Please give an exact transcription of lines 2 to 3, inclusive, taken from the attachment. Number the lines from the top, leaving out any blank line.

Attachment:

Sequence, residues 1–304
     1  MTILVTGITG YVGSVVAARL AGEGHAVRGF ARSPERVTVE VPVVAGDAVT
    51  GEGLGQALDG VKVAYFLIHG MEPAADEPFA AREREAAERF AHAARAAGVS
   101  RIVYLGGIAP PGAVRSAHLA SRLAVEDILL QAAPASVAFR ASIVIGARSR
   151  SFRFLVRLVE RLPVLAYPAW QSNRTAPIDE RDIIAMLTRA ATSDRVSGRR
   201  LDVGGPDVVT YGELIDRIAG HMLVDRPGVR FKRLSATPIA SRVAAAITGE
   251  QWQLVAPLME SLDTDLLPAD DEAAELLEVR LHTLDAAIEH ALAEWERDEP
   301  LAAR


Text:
     1  MTILVTGITG YVGSVVAARL AGEGHAVRGF ARSPERVTVE VPVVAGDAVT
    51  GEGLGQALDG VKVAYFLIHG MEPAADEPFA AREREAAERF AHAARAAGVS